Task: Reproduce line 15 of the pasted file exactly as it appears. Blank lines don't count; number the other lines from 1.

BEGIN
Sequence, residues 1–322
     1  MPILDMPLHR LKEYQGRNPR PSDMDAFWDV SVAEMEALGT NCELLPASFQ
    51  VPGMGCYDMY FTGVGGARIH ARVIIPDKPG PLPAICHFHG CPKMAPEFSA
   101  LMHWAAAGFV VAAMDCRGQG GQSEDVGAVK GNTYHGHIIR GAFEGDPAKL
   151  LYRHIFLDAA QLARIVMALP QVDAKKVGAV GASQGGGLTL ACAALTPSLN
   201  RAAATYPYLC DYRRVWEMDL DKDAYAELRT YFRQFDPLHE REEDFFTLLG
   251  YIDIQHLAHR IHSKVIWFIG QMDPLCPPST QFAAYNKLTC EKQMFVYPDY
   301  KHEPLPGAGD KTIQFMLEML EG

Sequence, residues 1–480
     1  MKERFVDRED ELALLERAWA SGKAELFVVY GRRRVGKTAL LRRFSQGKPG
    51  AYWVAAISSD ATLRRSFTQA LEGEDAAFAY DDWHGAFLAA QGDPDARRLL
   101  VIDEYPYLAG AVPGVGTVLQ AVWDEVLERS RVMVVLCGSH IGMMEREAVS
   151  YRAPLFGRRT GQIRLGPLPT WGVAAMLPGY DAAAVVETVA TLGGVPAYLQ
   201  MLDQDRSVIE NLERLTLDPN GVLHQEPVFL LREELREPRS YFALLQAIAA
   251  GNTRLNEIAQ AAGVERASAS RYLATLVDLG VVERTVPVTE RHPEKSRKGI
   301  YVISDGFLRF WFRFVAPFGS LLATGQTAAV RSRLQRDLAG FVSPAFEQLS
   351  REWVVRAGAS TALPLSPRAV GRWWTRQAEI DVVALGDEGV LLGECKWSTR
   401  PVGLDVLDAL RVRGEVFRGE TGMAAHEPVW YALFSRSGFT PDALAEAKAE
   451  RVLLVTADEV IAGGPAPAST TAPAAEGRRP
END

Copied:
   251  GNTRLNEIAQ AAGVERASAS RYLATLVDLG VVERTVPVTE RHPEKSRKGI